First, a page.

After two gondoliers, Giuseppe and Marco Palmieri, declare themselves to be ardent republicans who hate kings, Don Alhambra del Bolero, the Grand Inquisitor, informs them that one of them -- he doesn't know which -- is heir to the throne:

"GIUSEPPE: When I say that I detest kings, I mean I detest bad kings.

"DON ALHAMBRA: I see. It's a delicate distinction.

"GIUSEPPE: Quite so. Now I can conceive a kind of king -- an ideal king -- the creature of my fancy, you know -- who would be absolutely unobjectionable. A kin, for instance, who would abolish taxes and make everything cheap, except gondolas --

"MARIO: And give a great many free entertainments to the gondoliers --

"GIUSEPPE: And let off fireworks on the Grand Canal, and engage all the gondolas for the occasion --

"MARIO: And scramble money on the Rialto among the gondoliers.

"GIUSEPPE: Such a king would be a blessing to his people, and if I were a kin, that is the sort of king I would be."

Don Alhambra makes both Marco and Giuseppe king until he can determine which one is the rightful heir. "And may we take our friends with us, and give them places about the Court," Mario asks. Don Alhambra: "Undoubtedly. That's always done!"

Their wives relish the fun of being a royal:

"Then one of us will be a Queen,
"And sit on a golden throne,
"With a crown instead,
"Of a hat on her head,
"And diamonds all her own!
"With a beautiful robe of gold and green...

"She'll drive about in a carriage and pair,
"With the King on her left-hand side,
"And a milk-white horse,
"As a matter of course,
"Whenever she wants to ride!
"With beautiful silver shoes to wear
"Upon her dainty feet;
"With endless stocks
"Of beautiful frocks
"And as much as she wants to eat!"

Giuseppe sings about his vision of ruling:

"First, we polish off some batches
"Of political dispatches,
"And foreign politicians circumvent:
"Then, if business isn't heavy,
"We may hold a Royal levee,
"Or ratify some Acts of Parliament.
"Then we probably review the household troops --
"With the usual 'shalloo humps!' and 'Shalloo hoops!'
"Or receive with ceremonial and state
"An interesting Eastern potentate.

"Oh, philosophers may sing
"Of the troubles of a King;
"Yet the duties are delightful, and the privileges great;
"But the privilege and pleasure
"That we treasure beyond measure
"Is to run on little errands for the Ministers of State."

Gilbert goes on to lampoon Marx's mindless egalitarianism:

"For every one who feels inclined,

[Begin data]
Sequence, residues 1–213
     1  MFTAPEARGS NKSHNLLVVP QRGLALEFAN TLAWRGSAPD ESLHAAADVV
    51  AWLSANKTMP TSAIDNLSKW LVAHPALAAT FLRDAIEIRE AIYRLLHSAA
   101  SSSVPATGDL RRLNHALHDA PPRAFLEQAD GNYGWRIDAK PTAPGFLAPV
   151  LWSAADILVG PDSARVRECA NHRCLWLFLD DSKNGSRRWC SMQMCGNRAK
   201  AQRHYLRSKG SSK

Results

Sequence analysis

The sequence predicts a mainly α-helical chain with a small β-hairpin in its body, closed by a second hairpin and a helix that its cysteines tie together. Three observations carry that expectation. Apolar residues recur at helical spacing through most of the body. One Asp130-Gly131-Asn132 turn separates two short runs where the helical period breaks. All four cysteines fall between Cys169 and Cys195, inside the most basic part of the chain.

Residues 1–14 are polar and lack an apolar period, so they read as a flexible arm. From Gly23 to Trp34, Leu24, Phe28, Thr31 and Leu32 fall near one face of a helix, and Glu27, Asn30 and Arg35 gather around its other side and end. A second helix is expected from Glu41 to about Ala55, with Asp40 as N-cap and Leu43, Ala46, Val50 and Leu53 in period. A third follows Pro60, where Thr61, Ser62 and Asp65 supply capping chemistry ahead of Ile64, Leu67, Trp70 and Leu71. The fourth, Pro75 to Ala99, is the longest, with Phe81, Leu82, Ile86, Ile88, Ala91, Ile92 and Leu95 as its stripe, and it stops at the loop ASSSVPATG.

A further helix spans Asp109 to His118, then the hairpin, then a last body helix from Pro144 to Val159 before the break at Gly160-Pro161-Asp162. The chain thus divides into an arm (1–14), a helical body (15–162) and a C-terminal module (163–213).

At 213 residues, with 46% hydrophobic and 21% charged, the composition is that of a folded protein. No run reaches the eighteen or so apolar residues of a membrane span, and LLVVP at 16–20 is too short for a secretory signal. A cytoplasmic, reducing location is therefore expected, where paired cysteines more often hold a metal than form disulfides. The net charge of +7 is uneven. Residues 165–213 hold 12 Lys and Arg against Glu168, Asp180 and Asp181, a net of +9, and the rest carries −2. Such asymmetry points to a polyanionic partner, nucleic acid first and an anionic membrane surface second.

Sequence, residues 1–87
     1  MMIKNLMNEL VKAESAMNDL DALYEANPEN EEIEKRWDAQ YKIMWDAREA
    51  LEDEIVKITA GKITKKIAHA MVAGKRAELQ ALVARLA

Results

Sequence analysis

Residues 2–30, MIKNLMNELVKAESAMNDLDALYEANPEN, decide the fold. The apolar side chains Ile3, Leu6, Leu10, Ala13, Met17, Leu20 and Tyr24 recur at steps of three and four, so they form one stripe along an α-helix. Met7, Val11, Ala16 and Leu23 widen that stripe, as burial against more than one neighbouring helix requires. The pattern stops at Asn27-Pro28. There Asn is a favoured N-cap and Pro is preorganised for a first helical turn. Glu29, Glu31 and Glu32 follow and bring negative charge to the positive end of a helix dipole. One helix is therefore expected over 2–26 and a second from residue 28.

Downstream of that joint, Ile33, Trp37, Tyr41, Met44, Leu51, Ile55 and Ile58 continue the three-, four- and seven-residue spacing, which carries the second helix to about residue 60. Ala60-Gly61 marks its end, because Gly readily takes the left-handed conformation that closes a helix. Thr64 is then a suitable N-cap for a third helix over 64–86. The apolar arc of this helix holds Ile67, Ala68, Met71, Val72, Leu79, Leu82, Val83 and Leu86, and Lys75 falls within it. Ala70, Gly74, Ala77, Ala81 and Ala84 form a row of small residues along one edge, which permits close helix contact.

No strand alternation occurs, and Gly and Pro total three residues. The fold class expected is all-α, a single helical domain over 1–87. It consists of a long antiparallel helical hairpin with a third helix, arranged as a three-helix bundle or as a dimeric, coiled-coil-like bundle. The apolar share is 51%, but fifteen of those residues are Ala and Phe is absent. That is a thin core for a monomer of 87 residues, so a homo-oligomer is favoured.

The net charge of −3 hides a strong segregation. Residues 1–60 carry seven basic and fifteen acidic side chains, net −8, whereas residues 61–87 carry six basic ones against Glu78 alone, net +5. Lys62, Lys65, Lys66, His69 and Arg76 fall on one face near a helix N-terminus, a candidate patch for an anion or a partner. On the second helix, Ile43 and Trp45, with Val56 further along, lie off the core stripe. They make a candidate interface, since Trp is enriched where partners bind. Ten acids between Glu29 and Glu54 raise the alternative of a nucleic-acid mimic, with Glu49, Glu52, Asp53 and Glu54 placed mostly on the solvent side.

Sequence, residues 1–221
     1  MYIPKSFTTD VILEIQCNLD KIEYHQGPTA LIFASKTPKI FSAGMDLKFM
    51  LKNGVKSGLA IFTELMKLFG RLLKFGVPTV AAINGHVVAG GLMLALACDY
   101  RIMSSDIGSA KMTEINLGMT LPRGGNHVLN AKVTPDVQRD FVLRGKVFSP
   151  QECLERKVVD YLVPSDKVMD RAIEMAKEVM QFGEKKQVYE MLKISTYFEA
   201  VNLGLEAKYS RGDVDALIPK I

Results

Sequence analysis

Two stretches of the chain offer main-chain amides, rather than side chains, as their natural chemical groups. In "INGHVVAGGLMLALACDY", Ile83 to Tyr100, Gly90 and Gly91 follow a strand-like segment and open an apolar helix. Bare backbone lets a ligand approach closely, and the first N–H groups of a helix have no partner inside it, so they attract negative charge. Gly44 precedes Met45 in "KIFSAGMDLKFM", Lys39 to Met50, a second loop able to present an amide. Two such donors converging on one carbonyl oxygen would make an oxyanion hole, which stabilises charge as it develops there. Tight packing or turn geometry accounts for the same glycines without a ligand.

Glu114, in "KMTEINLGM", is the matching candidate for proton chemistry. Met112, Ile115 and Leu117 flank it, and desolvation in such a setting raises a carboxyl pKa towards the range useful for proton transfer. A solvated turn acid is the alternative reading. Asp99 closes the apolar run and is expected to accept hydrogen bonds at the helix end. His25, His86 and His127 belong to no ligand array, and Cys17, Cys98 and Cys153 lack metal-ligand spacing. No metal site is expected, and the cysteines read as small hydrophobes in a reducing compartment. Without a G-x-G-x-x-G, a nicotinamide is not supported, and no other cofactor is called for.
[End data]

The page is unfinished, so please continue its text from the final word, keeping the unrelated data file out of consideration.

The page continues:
"Some post we undertake to find
"Congenial with his frame of mind --
"And all shall equal be.
"The Aristocrat who banks with Coutts --
"The Aristocrat who hunts and shoots --
"The Aristocrat who cleans our boots --
"They all shall equal be!"

"In short, whoever you may be,
"To this conclusion you'll agree,
"When every one is somebodee,
"Then no one's anybody!"

Utopia, Limited (1893), making light of many conventional ideas: "Life without a care -- every want supplied by a kind and fatherly monarch, who, despot though he be, has no other thought than to make his people happy...Here we have no need to think, because our monarch anticipates all our wants, and our political opinions are formed for us by the journals to which we subscribe..." By contrast: "England has made herself what she is because in that favoured land every one has to think for himself."

The Grand Duke (1896), about a peaceful revolution:

"Unlike the complicated laws
"A Parliamentary draftsman draws,
"It may be briefly stated.
"By this ingenius law,
"If any two shall quarrel,
"They may not fight
"With falchions bright
"(Which seemed to him immoral);
"But each a card shall draw,
"And he who draws the lowest
"Shall (so 'twas said)
"Be thenceforth dead...

"The winner must adopt
"The loser's poor relations --
"Discharge his debts,
"Pay all his bets,
"And take his obligations,
"In short, the winner takes the loser's place,
"With all its obligations."


"ALL: Well -- what's the news? How is the election going?

"ERNST DUMMKOPF: Oh, it's a certainty -- a practical certainty! Two of the candidates have been arrested for debt, and the third is a baby in arms -- so, if you keep your promises, and vote solid, I'm cockshure of election!

"OLGA: Trust to us. But you remember the conditions?

"ERNEST DUMMKOPF: "Yes -- all of you shall be provided for, for life. Every man shall be ennobled -- every lady shall have unlimited credit at the Court Milliner's, and all salaries shall be paid weekly in advance!

"GRETA: Oh, it's quite clear he knows how to rule a Grand Duchy!"

Harry Benford, author of The Gilbert and Sullivan Lexicon, reports that in the United States alone, there are some 150 theatrical companies which produce at least one Gilbert & Sullivan operetta a year. According to the BBC's Bradley, their work is "performed more often than those of anyone else except the Beatles...In terms of the number of both amateur and professional performances they are well ahead of more recent musical partnerships like Rogers and Hammerstein or Rice and Lloyd Webber." High quality video productions reach people who can't get to a live performance. It looks like Gilbert's free spirit is soaring into the new millennium.

"Song and Dance" in Jim Powell, The Triumph of Liberty, A 2,000 Year History Told Through the Lives of Freedom's Greatest Champions (New York: Free Press, 2000).